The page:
Iran’s saffron farmers are expected to harvest some 430 tonnes of the prized flower threads used as a food seasoning and colouring agent in the current Persian calendar year (ends mid-March 2020), according to the Ministry of Agriculture said, as cited by Mehr News Agency on October 20.
Iran officially produced 404 tonnes of the spice in the 2018/2019 Persian year.
A comparison of the low weight of saffron to its high value shows it is one of Iran’s most valuable export items after oil, petrochemicals, gas, automotive consignments and nuts. The Islamic Republic is the world’s biggest producer of saffron, accounting for more than 90% of global production. However, there is growing competition in the cultivation of the vivid crimson Crocus sativus from India and China.
Saffron is cultivated in 22 Iranian provinces. The Khorasan Razavi, North Khorasan and South Khorasan provinces in eastern Iran account for almost nine-tenths of total Iranian output.
In the 2018/2019 Persian year, which ended on March 20, exporters sold some €66.1mn of saffron to the international market, official data shows.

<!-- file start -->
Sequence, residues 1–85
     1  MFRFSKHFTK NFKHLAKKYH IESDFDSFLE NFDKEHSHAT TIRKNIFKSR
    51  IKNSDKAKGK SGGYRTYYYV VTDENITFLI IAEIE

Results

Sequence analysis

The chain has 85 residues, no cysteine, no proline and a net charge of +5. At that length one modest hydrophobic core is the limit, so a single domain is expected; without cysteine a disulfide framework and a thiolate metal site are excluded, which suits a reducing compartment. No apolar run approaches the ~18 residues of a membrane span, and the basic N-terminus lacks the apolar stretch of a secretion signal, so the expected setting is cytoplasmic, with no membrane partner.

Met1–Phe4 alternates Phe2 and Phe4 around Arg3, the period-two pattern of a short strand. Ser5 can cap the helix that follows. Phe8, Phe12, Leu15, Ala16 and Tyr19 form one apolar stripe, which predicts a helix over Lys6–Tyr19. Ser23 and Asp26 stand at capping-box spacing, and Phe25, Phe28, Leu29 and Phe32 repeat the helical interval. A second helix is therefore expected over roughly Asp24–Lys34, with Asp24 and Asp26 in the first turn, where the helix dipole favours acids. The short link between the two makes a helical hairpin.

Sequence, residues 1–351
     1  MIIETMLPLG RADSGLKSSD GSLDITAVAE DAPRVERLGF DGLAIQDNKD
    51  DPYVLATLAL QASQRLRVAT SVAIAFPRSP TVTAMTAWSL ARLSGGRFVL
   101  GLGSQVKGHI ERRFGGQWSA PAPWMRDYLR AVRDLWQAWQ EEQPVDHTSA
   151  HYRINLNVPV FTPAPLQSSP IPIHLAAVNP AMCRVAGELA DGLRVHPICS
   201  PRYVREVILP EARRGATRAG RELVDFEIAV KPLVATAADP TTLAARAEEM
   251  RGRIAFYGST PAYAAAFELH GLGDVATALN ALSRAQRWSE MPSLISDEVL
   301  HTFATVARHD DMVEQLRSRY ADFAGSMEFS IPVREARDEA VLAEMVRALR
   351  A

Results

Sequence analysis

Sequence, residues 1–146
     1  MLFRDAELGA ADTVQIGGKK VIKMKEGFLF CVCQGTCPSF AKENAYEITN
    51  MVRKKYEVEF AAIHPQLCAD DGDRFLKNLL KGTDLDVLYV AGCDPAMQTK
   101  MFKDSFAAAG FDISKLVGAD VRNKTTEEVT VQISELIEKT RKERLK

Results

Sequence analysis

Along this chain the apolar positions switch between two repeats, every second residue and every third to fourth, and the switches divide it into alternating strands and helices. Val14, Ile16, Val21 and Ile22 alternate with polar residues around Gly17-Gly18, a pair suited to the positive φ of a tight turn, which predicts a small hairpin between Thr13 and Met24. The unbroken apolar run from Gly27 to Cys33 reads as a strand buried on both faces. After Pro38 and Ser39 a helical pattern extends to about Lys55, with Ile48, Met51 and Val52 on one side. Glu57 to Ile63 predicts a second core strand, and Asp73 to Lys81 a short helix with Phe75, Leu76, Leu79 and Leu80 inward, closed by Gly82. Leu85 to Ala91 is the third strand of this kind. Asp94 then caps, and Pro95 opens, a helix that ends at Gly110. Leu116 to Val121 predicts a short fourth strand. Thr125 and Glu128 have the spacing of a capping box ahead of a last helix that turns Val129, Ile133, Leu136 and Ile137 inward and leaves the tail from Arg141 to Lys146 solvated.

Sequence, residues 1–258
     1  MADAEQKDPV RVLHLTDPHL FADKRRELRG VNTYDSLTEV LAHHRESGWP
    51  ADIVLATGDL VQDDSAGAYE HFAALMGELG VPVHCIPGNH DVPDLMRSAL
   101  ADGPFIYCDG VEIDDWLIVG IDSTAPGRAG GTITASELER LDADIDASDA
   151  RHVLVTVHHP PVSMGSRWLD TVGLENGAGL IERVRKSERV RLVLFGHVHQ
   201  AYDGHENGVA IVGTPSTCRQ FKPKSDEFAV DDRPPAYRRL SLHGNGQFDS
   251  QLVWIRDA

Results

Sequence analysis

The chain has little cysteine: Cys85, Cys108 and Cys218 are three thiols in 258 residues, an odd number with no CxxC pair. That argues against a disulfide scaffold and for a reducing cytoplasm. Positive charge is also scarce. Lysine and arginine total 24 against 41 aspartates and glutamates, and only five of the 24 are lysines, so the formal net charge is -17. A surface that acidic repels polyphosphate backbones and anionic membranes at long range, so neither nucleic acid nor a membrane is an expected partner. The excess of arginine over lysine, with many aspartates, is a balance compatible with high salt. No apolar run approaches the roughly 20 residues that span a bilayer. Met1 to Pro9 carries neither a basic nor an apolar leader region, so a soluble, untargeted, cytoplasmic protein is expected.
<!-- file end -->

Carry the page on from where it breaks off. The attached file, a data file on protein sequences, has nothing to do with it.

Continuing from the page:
However, in recent years, due to the high value of the commodity, saffron smuggling to Europe and North America, using the ‘suitcase’ approach, has increased.
To boost the overall value of Iran’s saffron output and create a market for trading, saffron futures were launched on the Iran Mercantile Exchange (IME) in May 2018.
The idea of selling the lucrative commodity by the kilo on the exchange was long floated, and the move followed months of preparation. Government body approvals were needed before saffron could be upgraded to become a tradable commodity on the exchange.
According to the IME’s website on October 20 at 11:00 GMT, the spot price for Grade 1 “Crown” saffron stood at IRR77,000 (USD0.67 at the free market exchange rate) per gram; this was while the buyer’s price for Grade 1 (Normal Tufts) was at IRR66,000.
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